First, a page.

The NFIP insures buildings, including mobile homes, with two types of coverage: building and contents. Building coverage is for the walls, floors, insulation, furnace and other items permanently attached to the structure. Contents coverage may be purchased separately, if the contents are in an insurable building.
Mandatory Purchase Requirement: The Flood Disaster Protection Act of 1973 and the National Flood Insurance Reform Act of 1994, made the purchase of flood insurance mandatory for Federally backed mortgages on buildings located in Special Flood Hazard Areas (SFHAs). It also affects all forms of Federal or Federally related financial assistance for buildings located in SFHAs. The SFHA is the base (100-year) floodplain mapped on a Flood Insurance Rate Map (FIRM). It is shown as one or more zones that begin with the letter “A” or “V.”
The rule applies to secured mortgage loans from such financial institutions as commercial lenders, savings and loan associations, savings banks and credit unions that are regulated, supervised, or insured by Federal agencies such as the Federal Deposit Insurance Corporation and the Office of Thrift Supervision. It also applies to all mortgage loans purchased by Fannie Mae or Freddie Mac in the secondary mortgage market. Federal financial assistance programs affected by the laws include loans and grants from agencies such as the Department of Veterans Affairs, Farmers Home Administration, Federal Housing Administration, Small Business Administration and the Department of Homeland Security’s Federal Emergency Management Agency (FEMA).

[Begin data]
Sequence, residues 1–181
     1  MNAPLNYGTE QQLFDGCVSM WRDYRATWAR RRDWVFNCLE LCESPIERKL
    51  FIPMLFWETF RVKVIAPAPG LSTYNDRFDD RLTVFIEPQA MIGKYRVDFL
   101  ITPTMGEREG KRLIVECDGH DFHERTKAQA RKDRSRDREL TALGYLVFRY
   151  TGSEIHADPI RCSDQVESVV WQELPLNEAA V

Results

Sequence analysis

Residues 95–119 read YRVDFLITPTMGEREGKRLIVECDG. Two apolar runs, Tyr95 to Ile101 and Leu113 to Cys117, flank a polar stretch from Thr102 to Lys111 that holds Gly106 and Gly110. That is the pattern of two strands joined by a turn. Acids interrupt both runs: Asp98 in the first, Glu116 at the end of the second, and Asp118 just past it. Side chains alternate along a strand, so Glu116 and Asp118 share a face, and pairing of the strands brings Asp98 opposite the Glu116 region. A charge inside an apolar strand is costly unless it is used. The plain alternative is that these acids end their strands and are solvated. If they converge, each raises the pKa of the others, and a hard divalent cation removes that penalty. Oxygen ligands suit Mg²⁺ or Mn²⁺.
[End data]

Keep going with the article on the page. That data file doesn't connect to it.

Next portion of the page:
How it Works: Lenders are required to complete a Standard Flood Hazard Determination (SFHD) form whenever they make, increase, extend or renew a mortgage, home equity, home improvement, commercial, or farm credit loan to determine if the building or manufactured (mobile) home is in an SFHA. It is the Federal agency’s or the lender’s responsibility to check the current Flood Insurance Rate Map (FIRM) to determine if the building is in an SFHA. Copies of the FIRM are available for review in most local government building or planning departments. Lenders may also have copies, or they may use a flood zone determination company to provide the SFHD form. If the building is in a SFHA, the Federal agency or lender is required by law to require the recipient to purchase a flood insurance policy on the building. Federal regulations require building coverage equal to the amount of the loan (excluding appraised value of the land) or the maximum amount of insurance available from the NFIP, whichever is less. The maximum amount available for a single-family residence is $250,000. Government sponsored enterprises, such as Freddie Mac and Fannie Mae, have stricter requirements.
The mandatory purchase requirement does not affect loans or financial assistance for items that are not covered by a flood insurance policy, such as vehicles, business expenses, landscaping and vacant lots. It does not affect loans for buildings that are not in an SFHA, even though a portion of the lot may be. While not mandated by law, a lender may require a flood insurance policy, as a condition of a loan, for a property in any zone on a FIRM.
If a person feels that a SFHD form incorrectly places the property in the SFHA, he or she may request a Letter of Determination Review from FEMA. This must be submitted within 45 days of the determination.
More information can be found at http://www.fema.gov/plan.
For additional information, contact the City of Pleasanton Engineering Division at (925) 931-5650.